Baby Steps Are Not Enough

Yesterday's midterms were a rebuke to Trump. But America’s decades-long shift to the right won't be undone with Democratic Party liberalism.

Senate minority leader Chuck Schumer and House minority leader Nancy Pelosi participate in a news conference on November 13, 2017 at the Democratic National Committee headquarters in Washington, DC. Alex Wong / Getty

In purely electoral terms, last night’s midterms were a somewhat confusing jumble that will likely keep cable news spin doctors busy for weeks.

While the Democrats did recapture the House, high-profile races in Texas, Florida, and Georgia narrowly broke Republican and the GOP, as expected, retained control of the Senate. Amid the partisan standoff, some progressive figures succeeded while others fell short. Alexandria Ocasio-Cortez is officially headed to Congress, as is Democratic Socialists of America (DSA) member Rashida Tlaib. And, after two terms of pillaging, Wisconsin has finally seen the back of the Koch Brothers’ man in Madison, Governor Scott Walker.

Whether this patchwork qualifies as the wave election some predicted, the pronounced anti-Trump sentiment it ultimately conveys shouldn’t be missed. The Republican Party is on course to lose the national popular vote for both the House and Senate by considerable, though yet-to-be-determined, margins. In addition to Wisconsin, Republicans were also dealt defeats in Pennsylvania and Michigan — three states that were key to Donald Trump’s electoral college victory.

In that sense, the midterms arguably represent continuity more than change. As for much of the past few decades, the GOP remains a minoritarian party that is nevertheless the dominant force in American politics. Republican rule has faced defeats before — including the more decisive contests of the mid and late 2000s — only to sustain themselves ideologically and recover electorally a few short years later.

The Democratic Party’s 2006 midterm victory was supposed to repudiate the Bush administration’s war agenda — an agenda the Democrats then decided to keep funding to the tune of $95 billion. The 2008 election, which also saw Democrats retake the White House, was initially taken as an epochal realignment, but their congressional majority neglected to pass labor law or election reforms before the Republican tide returned in 2010. During the six years between that election and Trump’s shock victory, by contrast, Republicans across the country waged a relentless campaign to roll back basic rights, further weaken Democratic constituencies, gerrymander districts, and disempower workers and voters alike.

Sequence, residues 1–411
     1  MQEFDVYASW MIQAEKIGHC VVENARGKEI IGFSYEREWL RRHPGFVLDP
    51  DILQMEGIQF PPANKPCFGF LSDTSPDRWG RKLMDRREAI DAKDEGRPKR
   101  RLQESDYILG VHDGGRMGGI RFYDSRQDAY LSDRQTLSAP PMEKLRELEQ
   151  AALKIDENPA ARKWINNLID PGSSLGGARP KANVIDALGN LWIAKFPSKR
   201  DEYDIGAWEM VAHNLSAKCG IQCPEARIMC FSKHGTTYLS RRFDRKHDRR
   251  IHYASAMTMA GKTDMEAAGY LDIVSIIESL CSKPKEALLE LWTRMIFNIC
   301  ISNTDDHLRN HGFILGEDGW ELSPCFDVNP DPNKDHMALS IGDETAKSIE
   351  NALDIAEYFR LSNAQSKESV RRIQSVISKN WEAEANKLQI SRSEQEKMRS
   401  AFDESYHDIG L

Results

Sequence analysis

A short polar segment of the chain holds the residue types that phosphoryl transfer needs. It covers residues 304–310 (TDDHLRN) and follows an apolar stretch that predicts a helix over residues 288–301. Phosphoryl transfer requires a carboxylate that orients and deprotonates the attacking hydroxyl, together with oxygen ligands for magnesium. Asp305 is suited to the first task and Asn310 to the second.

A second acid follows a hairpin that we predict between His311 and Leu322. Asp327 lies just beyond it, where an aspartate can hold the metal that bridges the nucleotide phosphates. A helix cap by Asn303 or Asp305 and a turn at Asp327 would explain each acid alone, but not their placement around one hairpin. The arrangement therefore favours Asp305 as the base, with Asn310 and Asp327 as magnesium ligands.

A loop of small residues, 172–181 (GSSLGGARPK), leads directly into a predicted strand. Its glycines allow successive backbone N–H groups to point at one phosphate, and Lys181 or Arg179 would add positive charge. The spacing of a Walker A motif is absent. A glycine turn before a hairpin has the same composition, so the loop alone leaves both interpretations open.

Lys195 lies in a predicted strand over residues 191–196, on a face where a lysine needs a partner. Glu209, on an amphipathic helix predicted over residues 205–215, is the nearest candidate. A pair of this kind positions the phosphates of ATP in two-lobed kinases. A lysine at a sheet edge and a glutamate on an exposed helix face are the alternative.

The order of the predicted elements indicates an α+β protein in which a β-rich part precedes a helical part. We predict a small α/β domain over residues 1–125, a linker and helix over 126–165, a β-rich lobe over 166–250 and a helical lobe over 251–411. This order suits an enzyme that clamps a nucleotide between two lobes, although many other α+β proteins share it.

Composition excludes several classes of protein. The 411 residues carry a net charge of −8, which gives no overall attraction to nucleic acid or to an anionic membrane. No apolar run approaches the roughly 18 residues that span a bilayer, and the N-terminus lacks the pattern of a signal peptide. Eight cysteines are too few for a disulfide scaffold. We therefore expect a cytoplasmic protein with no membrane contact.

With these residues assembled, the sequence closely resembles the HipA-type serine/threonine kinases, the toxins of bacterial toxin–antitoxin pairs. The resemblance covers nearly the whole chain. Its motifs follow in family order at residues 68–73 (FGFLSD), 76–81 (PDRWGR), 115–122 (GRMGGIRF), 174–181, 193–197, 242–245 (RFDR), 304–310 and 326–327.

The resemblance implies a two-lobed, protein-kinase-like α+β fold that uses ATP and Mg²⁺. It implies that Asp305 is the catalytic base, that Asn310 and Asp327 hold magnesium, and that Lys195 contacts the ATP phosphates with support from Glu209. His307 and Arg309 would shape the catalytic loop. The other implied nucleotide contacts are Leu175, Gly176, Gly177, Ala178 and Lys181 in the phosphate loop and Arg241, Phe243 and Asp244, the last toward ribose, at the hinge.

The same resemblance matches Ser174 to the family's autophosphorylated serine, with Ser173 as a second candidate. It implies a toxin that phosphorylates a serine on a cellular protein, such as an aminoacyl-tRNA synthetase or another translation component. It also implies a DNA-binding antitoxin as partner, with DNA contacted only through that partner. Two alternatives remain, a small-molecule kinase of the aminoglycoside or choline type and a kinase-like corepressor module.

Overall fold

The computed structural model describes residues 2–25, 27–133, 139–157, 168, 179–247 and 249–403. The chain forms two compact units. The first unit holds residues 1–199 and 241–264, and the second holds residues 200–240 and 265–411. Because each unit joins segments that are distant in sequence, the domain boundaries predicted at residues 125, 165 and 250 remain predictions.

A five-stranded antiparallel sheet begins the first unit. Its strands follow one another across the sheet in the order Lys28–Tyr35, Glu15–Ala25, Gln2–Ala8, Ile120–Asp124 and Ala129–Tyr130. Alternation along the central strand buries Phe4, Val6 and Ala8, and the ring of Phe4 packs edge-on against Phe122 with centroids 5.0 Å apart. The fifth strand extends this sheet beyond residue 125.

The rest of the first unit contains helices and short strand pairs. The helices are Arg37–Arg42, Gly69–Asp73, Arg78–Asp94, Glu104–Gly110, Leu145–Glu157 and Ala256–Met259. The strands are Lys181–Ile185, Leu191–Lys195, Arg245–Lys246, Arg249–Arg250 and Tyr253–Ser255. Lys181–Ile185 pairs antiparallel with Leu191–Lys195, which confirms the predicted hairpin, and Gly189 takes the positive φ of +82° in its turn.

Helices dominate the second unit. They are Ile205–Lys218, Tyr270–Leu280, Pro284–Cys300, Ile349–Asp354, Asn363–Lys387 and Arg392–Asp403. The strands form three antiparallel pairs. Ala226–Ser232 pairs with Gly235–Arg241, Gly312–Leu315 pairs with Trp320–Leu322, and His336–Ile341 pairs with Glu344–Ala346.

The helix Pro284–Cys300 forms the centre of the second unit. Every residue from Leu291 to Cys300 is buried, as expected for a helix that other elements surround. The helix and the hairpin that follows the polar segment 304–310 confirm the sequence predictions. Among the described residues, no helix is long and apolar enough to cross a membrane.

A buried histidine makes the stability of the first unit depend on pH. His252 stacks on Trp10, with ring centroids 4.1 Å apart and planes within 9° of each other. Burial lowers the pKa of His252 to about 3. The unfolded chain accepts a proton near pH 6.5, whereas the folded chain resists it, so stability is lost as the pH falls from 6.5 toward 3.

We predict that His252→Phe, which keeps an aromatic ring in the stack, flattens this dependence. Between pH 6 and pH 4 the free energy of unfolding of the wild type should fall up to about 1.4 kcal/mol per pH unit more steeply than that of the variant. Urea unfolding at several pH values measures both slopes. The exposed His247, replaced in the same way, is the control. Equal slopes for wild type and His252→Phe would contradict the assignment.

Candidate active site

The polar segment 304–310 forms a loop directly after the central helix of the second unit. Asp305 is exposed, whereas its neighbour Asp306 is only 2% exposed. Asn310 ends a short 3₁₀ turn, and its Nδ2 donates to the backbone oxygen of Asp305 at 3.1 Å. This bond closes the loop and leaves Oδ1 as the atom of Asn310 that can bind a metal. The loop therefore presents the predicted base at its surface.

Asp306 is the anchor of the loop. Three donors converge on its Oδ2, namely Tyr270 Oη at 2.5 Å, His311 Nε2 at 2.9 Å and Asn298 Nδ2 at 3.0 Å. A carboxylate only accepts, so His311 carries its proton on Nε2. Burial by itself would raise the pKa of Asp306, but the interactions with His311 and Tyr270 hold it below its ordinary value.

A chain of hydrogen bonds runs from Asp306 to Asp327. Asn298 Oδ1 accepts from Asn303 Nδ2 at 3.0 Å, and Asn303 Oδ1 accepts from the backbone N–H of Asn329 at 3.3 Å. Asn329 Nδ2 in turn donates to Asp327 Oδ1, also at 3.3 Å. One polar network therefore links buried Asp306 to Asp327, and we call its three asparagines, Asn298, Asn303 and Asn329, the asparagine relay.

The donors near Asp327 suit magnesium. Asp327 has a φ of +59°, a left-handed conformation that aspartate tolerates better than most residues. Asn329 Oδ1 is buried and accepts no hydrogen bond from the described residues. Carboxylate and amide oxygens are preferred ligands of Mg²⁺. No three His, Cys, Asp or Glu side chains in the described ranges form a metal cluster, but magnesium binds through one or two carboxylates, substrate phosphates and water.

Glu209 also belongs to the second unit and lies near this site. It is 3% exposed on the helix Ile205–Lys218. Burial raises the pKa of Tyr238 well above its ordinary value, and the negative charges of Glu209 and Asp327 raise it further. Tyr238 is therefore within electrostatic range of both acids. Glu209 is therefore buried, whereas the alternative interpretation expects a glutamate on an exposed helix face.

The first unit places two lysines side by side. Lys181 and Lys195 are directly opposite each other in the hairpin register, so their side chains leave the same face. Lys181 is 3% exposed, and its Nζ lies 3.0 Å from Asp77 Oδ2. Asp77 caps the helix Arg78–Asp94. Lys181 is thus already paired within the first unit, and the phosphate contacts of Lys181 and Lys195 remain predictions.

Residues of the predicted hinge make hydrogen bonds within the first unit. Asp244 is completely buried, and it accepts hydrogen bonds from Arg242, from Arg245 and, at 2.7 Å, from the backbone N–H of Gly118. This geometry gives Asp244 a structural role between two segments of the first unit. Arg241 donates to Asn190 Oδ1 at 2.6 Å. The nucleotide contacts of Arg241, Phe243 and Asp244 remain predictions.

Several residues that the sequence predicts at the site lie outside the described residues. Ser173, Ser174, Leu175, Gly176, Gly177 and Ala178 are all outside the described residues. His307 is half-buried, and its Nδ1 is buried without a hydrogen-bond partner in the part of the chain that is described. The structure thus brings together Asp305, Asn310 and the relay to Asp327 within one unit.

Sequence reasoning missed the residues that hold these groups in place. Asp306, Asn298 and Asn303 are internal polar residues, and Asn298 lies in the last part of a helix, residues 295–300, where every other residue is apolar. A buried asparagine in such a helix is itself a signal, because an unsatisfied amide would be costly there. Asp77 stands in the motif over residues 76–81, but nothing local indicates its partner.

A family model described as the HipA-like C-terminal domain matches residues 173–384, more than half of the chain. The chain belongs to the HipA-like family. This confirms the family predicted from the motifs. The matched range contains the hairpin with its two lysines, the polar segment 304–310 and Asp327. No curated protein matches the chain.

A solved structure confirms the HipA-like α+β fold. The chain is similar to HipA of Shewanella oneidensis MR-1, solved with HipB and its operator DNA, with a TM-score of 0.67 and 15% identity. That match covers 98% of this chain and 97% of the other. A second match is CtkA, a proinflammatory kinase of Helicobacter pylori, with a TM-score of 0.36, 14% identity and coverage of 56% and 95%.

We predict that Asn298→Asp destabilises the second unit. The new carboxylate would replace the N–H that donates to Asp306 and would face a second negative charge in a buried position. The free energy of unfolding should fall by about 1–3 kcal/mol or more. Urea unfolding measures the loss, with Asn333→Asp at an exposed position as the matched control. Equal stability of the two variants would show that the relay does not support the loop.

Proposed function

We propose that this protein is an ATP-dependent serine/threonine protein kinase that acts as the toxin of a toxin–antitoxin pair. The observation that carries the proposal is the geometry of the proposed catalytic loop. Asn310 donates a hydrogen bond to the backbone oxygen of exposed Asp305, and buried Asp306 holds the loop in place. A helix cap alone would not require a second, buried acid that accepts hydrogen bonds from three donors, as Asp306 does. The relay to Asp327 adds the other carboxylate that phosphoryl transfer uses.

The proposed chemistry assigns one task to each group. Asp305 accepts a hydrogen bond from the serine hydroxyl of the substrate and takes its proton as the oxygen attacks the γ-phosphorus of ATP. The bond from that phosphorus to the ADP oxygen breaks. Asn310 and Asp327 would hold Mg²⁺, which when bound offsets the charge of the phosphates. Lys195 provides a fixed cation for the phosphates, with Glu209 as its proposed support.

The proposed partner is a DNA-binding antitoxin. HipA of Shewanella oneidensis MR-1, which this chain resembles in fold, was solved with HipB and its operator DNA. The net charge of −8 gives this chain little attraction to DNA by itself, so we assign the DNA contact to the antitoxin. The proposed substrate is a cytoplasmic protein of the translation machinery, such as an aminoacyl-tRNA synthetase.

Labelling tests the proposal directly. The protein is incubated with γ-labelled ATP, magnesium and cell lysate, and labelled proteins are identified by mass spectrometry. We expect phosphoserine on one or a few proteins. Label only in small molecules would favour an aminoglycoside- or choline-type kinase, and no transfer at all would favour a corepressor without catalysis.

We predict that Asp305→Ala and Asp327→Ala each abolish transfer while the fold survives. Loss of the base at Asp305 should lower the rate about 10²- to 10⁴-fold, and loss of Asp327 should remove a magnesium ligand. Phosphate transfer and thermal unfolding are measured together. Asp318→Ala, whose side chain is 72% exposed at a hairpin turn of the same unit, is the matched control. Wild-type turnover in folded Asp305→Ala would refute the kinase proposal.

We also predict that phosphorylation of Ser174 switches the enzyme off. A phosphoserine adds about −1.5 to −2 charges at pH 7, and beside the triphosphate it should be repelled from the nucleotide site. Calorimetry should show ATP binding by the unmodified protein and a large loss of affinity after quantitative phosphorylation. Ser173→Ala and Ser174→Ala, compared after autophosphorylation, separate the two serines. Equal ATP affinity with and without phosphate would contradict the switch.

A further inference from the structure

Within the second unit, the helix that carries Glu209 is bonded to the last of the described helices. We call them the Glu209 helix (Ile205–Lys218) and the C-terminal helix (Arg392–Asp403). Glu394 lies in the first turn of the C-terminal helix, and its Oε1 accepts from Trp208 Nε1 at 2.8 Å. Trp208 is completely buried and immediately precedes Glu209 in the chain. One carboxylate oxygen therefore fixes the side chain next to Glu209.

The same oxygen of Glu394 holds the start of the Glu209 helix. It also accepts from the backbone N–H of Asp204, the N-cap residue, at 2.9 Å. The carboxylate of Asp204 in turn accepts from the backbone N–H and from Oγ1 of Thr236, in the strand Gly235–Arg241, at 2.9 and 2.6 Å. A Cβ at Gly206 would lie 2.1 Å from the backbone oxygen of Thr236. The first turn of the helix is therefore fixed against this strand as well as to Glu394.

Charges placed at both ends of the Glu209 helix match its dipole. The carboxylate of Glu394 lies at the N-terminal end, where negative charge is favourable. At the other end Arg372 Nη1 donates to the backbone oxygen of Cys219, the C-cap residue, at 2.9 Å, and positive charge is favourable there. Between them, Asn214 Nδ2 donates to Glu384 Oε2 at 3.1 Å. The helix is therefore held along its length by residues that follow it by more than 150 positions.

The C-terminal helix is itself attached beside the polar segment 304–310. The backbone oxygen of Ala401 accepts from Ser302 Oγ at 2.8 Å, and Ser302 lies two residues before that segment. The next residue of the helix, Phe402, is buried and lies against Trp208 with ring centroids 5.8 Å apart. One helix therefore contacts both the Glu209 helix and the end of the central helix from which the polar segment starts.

While a newly Democratic House will undoubtedly be an obstacle to the Republican agenda — how fierce or effective an obstacle it will be remains to be seen — there is still no evidence of a long-term strategy on the part of the party leadership to break from this basic cycle, mobilize popular anger in a focused or programmatic way, and pursue the realignment that is so desperately needed. Even in her moment of victory last night, Nancy Pelosi was already preaching the familiar elite gospel of national conciliation, bipartisanship, and ever-mythic win-win “solutions.”

Given recent history, it’s hard to imagine that even a much more decisive Democratic victory would have substantially altered this rhetoric or the course of action likely to follow from it. When Republicans win elections, they use every means at their disposal to rig the system, empower their own constituencies, and prime their base for the next great lurch to the right. Democratic leaders, on the other hand, seem content to tread water, tinker here and there, complacently manage their base’s expectations, and preside magnanimously until the next defeat.

So while last night’s elections are a rebuke to the Trump presidency — and another reminder of the Republican Party’s ultimate unpopularity — the task of defeating and undoing the conditions that gave rise to it remains a daunting one that the Democratic Party, its gains notwithstanding, still appears uniquely unsuited for.

In the end, Republican hegemony isn’t going to be broken by a simple electoral rebuke. Though the Trump presidency now faces a larger political opposition, reversing the decades-long rightward march of American politics will ultimately require rebuilding democratic institutions and working-class power outside the electoral sphere — and, as recent history strongly suggests, a much more confrontational strategy within it.

Could the Democrats have fared better last night with such a strategy? We’ll never know for sure. But the fact remains that vanquishing Trump and his allies demands a concerted campaign — not one merely aiming for the restoration of national honor or some healing of amorphous “division” — but against the interests and values they represent and the institutions of poverty, greed, and racism that maintain them.